The other day, I did a technical interview that involved applying Bayes’ Theorem to a simple example. It stumped me. And it left me feeling empathy for folks who have had trouble with the FizzBuzz interview question.
It doesn’t reflect day-to-day work
FizzBuzz depends on understanding a few concepts, like conditional execution, the modulus operator, divisibility of numbers, and common denominators.Every programmer should be familiar with the modulus operator and it’s relationship to divisibility, but knowing about it doesn’t mean it’s part of your bread and butter. The day-to-day of software engineering usually takes place at th higher level of understanding good design patterns, parsing requirements, and using APIs for their team’s platform or framework. Diving down to a lower level to reproduce divisibility from simple mathematics is a shift in perspective and takes several mental cycles to get right if it’s out of practice.
It’s stressful to problem solve on the spot
Unless you’re made of steel, you’ll probably get some form of jitters during an interview and this can hurt the way you solve problems.
In 2005, Beilock & Carr published a paper on performance of math problems between high working-memory and low working-memory undergraduate students. The HWM group, which performed very well on simple mathematical problems at baseline, low-stress conditions performed significantly poorly in a high stress. (Incidentally, Beilock & Carr’s experiment used a modular arithmetic task in their experiment, the same concept that is integral to FizzBuzz.)
Add the stress of trying to explain your solution to an interviewer and this is a recipe for a meltdown.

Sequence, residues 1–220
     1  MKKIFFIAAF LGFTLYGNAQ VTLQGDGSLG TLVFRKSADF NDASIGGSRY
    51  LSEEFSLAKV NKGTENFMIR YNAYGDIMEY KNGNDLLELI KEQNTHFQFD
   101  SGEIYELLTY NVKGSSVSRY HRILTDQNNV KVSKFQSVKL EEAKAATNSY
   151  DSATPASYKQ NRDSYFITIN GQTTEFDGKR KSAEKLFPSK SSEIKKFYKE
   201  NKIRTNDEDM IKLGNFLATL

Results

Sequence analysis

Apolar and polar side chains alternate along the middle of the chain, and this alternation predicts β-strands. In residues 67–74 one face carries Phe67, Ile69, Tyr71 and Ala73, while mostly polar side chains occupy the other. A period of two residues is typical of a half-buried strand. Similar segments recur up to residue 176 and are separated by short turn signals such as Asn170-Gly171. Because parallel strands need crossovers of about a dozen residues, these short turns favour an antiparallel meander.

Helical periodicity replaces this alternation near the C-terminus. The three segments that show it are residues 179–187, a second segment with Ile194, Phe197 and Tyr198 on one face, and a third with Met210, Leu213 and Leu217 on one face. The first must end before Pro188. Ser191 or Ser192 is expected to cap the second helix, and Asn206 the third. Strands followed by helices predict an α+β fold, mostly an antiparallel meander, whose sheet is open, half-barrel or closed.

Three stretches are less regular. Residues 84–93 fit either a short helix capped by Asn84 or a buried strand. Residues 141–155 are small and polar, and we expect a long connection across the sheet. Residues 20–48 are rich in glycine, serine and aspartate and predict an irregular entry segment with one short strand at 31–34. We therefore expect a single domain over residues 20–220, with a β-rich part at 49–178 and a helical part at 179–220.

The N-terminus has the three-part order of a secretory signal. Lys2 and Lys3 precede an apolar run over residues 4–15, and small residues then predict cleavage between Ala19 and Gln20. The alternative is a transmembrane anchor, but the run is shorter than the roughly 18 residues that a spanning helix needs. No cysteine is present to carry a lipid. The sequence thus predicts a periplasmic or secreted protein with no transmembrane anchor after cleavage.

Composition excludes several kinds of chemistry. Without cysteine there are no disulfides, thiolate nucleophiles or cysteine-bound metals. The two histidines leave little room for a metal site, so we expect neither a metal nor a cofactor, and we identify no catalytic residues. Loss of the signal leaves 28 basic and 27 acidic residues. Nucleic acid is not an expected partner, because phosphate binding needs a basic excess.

Experience teases out edge cases, but experience fades with time
One of the really tricky parts about FizzBuzz is that is involves an edge case that can trip people up. Namely, when the number is 15, it’s possible to print out all three of “Fizz,” “Buzz,” and “FizzBuzz” if you’re not careful.
The problem with this is that edge cases aren’t over-arching principles or theoretical concepts, they’re anomalies. And people learn how to deal with anomalies by experiencing them. At work, edge cases would get discovered in a handful of ways, but most likely being a) a developer on the team has come across it before and b) there’s a deliberate, likely time-consuming effort to enumerate possible cases to test them out. As I’ve mentioned above, case (a) isn’t very likely because the edge cases of FizzBuzz aren’t top-of-mind, and case (b) presents problems because of the stress of interviewing.
Bayes’ Theorem (or Bayes’ Rule) is just tricky enough behave like FizzBuzz in these situations. It’s certainly something that every data scientist should know, but it isn’t something he or she would use every day. It’s complicated enough to be relegated to the class of abstract math problems, which take a hit during stressful situations. And finally, for edge cases in applying Bayes’ Theorem (like whether two events are independent), it’s difficult and unlikely for individuals to come up with suitable examples to test immediately.